Winner, 1955 Newbery Medal Notable Children’s Books of 1940–1970 (ALA) 1963 Lewis Carroll Shelf Award

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Harry Potter and the Sorcerer's Stone
Written by J. K. Rowling & illustrated by Mary GrandPré
chapter book
Recommend Ages: 9-12

Rescued from the outrageous neglect of his aunt and uncle, a young boy with a great destiny proves his worth while attending Hogwarts School for Witchcraft and Wizardry.

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  • Notorious - A funny, suspenseful mystery and unlikely friendship story from New York Times bestselling author Gordon Korman—perfect for fans of Swindle and Ungifted. Keenan has lived all over the world but nowhere quite as strange as Centerlight Island, which is split between the United States and Canada. The only thing weirder than Centerlight itself is his neighbor Zarabeth, aka ZeeBee. ZeeBee is obsessed with the island’s history as a Prohibition-era smuggling route. She’s also convinced that her beloved dog, Barney, was murdered—something Keenan finds pretty hard to believe. Just about everyone on Centerlight is a suspect, because everyone hated Barney, a huge dog—part mastiff, part rottweiler—notorious for terrorizing the community. Accompanied by a mild-mannered new dog who is practically Barney’s opposite, ZeeBee enlists Keenan’s help to solve the mystery. As Keenan and ZeeBee start to unravel the clues, they uncover a shocking conspiracy that dates back to Centerlight’s gangster past. The good news is that Keenan may have found the best friend he’s ever had. The bad news is that the stakes are sky-high. And now someone is after them. . . .

  • True (. . . Sort Of) - Can friendship save you? The day Ferris Boyd moves to town, Delly Pattison is sure a special surpresent (a present that is a surprise) is on its way. Instead, Delly ends up in even more trouble than usual. The Boyds’ arrival in River Bluffs means big changes for Brud Kinney, too. He can’t believe who he’s hanging around with. Ferris Boyd isn’t like anyone Delly or Brud have ever known. Ferris is a mystery and a wonder. Through friendship, though, Delly, Brud, and Ferris discover truths that will change their lives. And bring them the best surpresent of all. Includes an all-new afterword featuring a short story, photographs by the author, and more

  • Adrian Simcox Does NOT Have a Horse - A classic in the making, this heartwarming story about empathy and imagination is one that families will treasure for years to come. Adrian Simcox tells anyone who will listen that he has a horse–the best and most beautiful horse anywhere. But Chloe does NOT believe him. Adrian Simcox lives in a tiny house. Where would he keep a horse? He has holes in his shoes. How would he pay for a horse? The more Adrian talks about his horse, the angrier Chloe gets. But when she calls him out at school and even complains about him to her mom, Chloe doesn’t get the vindication she craves. She gets something far more important. Written with tenderness and poignancy and gorgeously illustrated, this book will show readers that kindness is always rewarding, understanding is sweeter than judgment, and friendship is the best gift one can give.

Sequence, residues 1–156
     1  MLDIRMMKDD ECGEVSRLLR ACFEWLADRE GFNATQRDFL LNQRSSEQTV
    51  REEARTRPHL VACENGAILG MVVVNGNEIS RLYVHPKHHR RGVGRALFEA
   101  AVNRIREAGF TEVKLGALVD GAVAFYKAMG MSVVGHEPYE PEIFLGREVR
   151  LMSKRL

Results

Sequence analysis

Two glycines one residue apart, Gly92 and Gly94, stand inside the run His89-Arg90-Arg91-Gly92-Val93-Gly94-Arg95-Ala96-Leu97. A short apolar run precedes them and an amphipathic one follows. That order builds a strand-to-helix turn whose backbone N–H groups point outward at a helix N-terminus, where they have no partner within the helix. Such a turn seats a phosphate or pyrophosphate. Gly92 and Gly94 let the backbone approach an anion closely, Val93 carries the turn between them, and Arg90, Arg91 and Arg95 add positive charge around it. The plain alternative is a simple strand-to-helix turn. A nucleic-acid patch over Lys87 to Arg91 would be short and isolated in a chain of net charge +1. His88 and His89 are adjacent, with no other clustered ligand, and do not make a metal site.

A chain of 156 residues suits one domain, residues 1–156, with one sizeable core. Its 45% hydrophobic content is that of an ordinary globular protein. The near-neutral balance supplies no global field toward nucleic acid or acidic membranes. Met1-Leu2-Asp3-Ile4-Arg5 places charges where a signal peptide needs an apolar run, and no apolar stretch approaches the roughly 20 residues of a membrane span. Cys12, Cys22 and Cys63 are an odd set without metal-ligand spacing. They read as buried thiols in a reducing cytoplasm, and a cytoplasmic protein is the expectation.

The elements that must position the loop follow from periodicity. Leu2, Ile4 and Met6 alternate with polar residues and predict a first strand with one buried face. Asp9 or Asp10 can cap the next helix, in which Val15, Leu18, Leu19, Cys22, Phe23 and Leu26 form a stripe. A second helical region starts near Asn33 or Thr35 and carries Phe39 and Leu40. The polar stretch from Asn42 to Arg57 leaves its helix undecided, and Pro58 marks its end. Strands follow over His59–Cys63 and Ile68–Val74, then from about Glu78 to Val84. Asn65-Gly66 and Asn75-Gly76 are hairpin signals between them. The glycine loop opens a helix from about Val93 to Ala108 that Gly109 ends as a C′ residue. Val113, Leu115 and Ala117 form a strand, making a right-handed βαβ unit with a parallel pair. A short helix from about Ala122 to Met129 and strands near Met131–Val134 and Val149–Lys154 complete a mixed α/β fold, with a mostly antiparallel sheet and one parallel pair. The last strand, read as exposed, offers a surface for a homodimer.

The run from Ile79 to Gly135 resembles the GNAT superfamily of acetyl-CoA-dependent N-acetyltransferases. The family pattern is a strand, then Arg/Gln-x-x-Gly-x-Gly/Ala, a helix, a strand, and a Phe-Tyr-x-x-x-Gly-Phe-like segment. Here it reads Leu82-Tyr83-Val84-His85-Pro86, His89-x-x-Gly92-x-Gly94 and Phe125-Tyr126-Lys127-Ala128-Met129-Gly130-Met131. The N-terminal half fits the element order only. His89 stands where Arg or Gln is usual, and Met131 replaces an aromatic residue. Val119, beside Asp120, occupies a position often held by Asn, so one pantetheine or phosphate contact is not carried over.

• The Marvelous Magic of Miss Mabel - Penderwicks meets Edward Eager in this charming coming of age tale about a young witch found in a flowerpot who’s on a journey to discover her roots. The morning Nora Ratcliff finds a baby in the flowerpot on her front steps her life changes forever. She had always wanted a child, but after her husband passed away, Nora never thought she would have one, but her flowerpot child was a miracle and she decided to name her Mabel. As Mabel grew up, she showed a distinct talent for magic. When Mabel is accepted to the prestigious witch school, Ruthersfield Academy, she excels at the magic curriculum but is constantly in trouble for experimenting and inventing her own potions. One day she is asked to write a paper on her magical roots and discovers the truth about her birth after a mean classmate blurts out what everyone seems to know except Mabel. Mabel is shocked but the revelation does explain a lot. In rebellion, Mabel changes her name to Magnolia and tries to understand why she was left in the flowerpot and who her birth family might be. Will Mabel find the answers she’s looking for—or will she discover that families are people who love each other and look after each other and that’s most important of all.

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Wonder
Written by R. J. Palacio
chapter book
Recommend Ages: 8-12

Born with a facial deformity that initially prevented his attendance at public school, Auggie Pullman enters the fifth grade at Beecher Prep and struggles with the dynamics of being both new and different, in a sparsely written tale about acceptance and self-esteem.

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A Letter to My Teacher
Written by Deborah Hopkinson & illustrated by Nancy Carpenter
picture book
Recommend Ages: 4-8

This funny, touching picture book—the perfect gift for a child to give to their own teacher—celebrates the difference a good teacher can make. Written as a thank-you note to a special teacher from the student who never forgot her, this moving story makes a great read-aloud and a perfect gift for Teacher Appreciation Day or Graduation!